What is Tendinopathy?
Tendinopathy affects the tendons, and the tendons connect muscles to bones. Tendinosis is another name for tendinopathy. It is a condition where the collagen in the tendons breaks down. It is not the same condition as tendonitis, because tendonitis is inflammation of the tendons. Research shows that tendinopathy can cause tendonitis. Both conditions occur when the tendons become stressed and overused. Additionally, age and reduced muscle tone can also contribute to the condition. Usually, tendinopathy affects the Achilles tendon, rotator cuff tendons, patellar tendon, and the hamstring tendons.1 In many cases, the condition is a result of improper sports technique. Patients who regularly participate in sports should work with a trainer and practice proper warm-up and cross-training. Repetitive stress injuries are a major factor. Fortunately, there are multiple methods of treatment available. Treatment options range from home treatment to surgery, and every case is different.2
Symptoms of Tendinosis
There are a number of symptoms that are indicative of tendinosis. For example, the patient might experience swelling, pain, and stiffness in the area around the affected tendon. Further, there can be a grating or crackling sensation in the affected area. A lump may develop along the tendon, and the area can become weak. Over time, the tendon might completely tear. As a result, the patient may be able to feel a gap along the tendon. The patient will experience increasing movement impairment as the condition persists. In some cases, only the tendon sheath degrades. When only the tendon sheath is damaged, the condition is known as tenosynovitis. Patients have to seek treatment immediately so that the tendon is not too damaged. Symptoms will worsen when the condition is not treated. Repetitive stress injuries are susceptible to further degradation with continued aggravation.3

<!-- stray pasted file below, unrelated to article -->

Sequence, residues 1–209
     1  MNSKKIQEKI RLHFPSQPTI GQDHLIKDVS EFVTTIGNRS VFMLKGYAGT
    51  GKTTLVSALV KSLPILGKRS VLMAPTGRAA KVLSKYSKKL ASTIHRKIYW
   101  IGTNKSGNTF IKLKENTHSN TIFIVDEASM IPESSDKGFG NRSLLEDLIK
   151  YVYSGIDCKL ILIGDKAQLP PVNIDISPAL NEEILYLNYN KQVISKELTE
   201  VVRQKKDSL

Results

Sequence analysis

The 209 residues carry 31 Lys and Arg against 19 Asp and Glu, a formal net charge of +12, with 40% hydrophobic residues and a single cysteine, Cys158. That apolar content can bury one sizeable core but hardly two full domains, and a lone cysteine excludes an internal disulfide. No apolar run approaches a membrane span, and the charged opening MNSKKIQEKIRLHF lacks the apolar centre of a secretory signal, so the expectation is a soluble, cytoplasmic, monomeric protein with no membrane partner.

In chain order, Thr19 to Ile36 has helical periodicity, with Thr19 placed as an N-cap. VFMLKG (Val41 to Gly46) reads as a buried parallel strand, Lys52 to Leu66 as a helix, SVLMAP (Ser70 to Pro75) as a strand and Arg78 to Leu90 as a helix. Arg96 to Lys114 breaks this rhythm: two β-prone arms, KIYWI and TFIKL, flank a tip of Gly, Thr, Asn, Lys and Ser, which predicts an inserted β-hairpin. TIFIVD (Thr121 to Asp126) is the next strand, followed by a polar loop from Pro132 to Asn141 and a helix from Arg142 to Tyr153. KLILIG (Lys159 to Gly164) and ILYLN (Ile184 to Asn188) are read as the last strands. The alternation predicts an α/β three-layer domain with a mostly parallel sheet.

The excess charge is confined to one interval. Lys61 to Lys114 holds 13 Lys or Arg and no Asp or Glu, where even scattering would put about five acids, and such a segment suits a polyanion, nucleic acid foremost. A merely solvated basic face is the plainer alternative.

Tendinopathy in the Leg
Quadriceps tendinopathy, Achilles tendinopathy, high hamstring tendinopathy, and patellar tendinopathy are all variations of tendinosis that affect the leg. Leg tendinopathy is usually caused by running, which is a repetitive stress activity. Patients who do not allow their bodies to properly recover between exercise stressors are more likely to experience lasting damage. Furthermore, prolonged sitting activities such as rowing can cause high hamstring tendinopathy.4 Additionally, jumper’s knee is another name for patellar tendinopathy. Patellar tendinosis is usually caused by jumping and landing activities. Excessive jumping and landing strains the tendon in the knee, and repetitive stress can damage the knee faster than the body can naturally repair it. Symptoms are often related to the damaged area, so patients can usually tell which tendon has begun to degrade. Tendinosis can affect one or both legs.5
Rotator Cuff Tendinopathy
Another part of the body commonly affected by tendinosis is the rotator cuff in the arm. There are several factors that contribute to rotator cuff tendinopathy. In many cases, damage to the rotator cuff is not caused by exercise. Instead, the awkward positions and static postures that many office workers hold can cause damage. Patients who work with direct load bearing and repetitive arm movements can also develop rotator cuff tendinopathy. Repetitive arm movements are often performed in sports, and patients who regularly do heavy work are also prone to injury. For example, baseball players might develop rotator cuff issues due to the repetitious arm movements they perform regularly. Other risk factors for tendinosis are advancing age, low flexibility, and weight. Even a patient who is otherwise very healthy will become injured if they do not use proper warming up and resting techniques.6